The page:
The first section of Market Line focused on food will open its doors in May and include outposts from East Village pierogi spot Veselka, ramen bar Kuro-Obi, grocer the Southeast Asia Market and butcher Ends Meat.

Mehra said developers focused only on leasing space to local brands in The Market Line and tried to represent the different immigrant populations who have called the Lower East Side home over the years. Developers also avoided doing deals with chains.

“One of our mantras is that if the local community shops here, that’s how it will be successful,” he said.

The scores of new stores, buildings and residents is a far cry from what the three-block site looked like for nearly half a century. It was previously large empty lots that were home to junkies, drug dealers and prostitutes.

The lots originally hosted tenements but they were demolished by the city in 1967 as part of infamous master builder Robert Moses’ “slum” clearance program to bulldoze buildings south of Delancey Street to replace them with high-rises, The New York Times reported.

Moses’ “slum” clearance kicked out about 1,800 mostly Puerto Rican families and several hundred local businesses, but community stakeholders could not agree on what would replace them, according to the Times.

Latino residents and housing advocates pushed for low-income residences while nearby Jewish groups, led by disgraced Assembly Speaker Sheldon Silver, wanted retail or office space instead, the Times reported.

The fight raged on through several administrations, with different proposals being kicked down until Mayor Michael Bloomberg stepped in 2013.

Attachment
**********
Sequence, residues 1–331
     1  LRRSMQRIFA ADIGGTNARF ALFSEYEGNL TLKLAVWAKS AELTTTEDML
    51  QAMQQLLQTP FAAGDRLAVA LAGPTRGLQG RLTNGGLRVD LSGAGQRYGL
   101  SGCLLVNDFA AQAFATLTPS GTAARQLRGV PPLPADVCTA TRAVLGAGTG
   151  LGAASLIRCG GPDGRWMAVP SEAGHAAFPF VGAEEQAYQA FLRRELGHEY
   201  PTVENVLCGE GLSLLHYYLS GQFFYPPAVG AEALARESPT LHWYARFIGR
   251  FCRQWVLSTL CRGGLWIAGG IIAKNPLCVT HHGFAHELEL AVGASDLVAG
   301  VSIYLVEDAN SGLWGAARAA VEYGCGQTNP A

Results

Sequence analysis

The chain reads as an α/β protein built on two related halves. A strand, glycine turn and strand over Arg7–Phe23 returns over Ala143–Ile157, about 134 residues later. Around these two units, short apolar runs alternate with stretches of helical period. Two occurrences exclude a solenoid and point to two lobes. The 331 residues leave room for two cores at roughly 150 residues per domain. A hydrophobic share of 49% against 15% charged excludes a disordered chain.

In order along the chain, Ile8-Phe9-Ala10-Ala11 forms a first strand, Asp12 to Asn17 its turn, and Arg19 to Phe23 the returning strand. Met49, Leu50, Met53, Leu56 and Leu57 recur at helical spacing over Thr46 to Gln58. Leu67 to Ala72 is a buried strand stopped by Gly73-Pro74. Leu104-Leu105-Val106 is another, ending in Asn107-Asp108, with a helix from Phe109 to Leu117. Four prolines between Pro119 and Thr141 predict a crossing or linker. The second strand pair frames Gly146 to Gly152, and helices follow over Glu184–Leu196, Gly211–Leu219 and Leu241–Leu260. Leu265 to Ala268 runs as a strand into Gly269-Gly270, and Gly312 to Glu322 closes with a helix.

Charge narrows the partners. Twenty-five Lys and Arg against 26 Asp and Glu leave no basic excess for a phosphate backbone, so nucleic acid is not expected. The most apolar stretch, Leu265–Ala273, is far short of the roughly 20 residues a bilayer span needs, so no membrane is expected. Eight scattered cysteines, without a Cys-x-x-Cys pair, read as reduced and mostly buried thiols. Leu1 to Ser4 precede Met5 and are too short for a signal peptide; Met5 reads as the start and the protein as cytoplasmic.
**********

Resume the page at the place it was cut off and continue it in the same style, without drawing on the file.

Bloomberg put out a request for proposals for the lots that year and selected the Delancey Streets Associates’ pitch for Essex Crossing in September 2013, according to the New York City Economic Development Corporation.

“Anybody who’s been involved in development in the Lower East Side was aware of the vacant parking lots,” said L+M’s Henderson. “Everybody viewed it as a real opportunity.”

To help win support from the community, the team decided to add some of the most wanted aspects of the project in the first phase, like the movie theater and food hall. While it made development more of a challenge, Henderson said, in the long run, it was the right idea.

“The payoff is that the community is ecstatic,” he said. “It would have been a lot easier to get a lot of these uses later on, but we sort of went with a different approach. It’s been a pretty incredible success.”

But the team isn’t across the finish line yet. The three-building second phase—202 Broome Street, 180 Broome Street and 140 Essex Street—is currently under construction and will bring with it another nearly 500 rental and condo units to the neighborhood.

It also will have the development’s 350,000-square-foot office component spread out between both Broome Street buildings which they tapped Cushman & Wakefield to start marketing this year.

“It’s an exciting office product,” said Baccash, who’s working on the office side. “We think it’s going to attract a real tenant to the area, somebody that is looking to offer their workforce a very amenitized, unique experience.”

The offices will have floor plates ranging between 35,000 to 50,000 square feet on the second through fifth floors of the buildings, Baccash said. The leasing plan is to try to target a large anchor tenant to take the entire space.

Phase two is expected to finish in 2021 and the project still has another two-building third phase on deck at 116 Delancey Street and 121 Stanton Street. The last two building will have more rental and condo units and retail space.

The last phase is scheduled to be complete in 2024.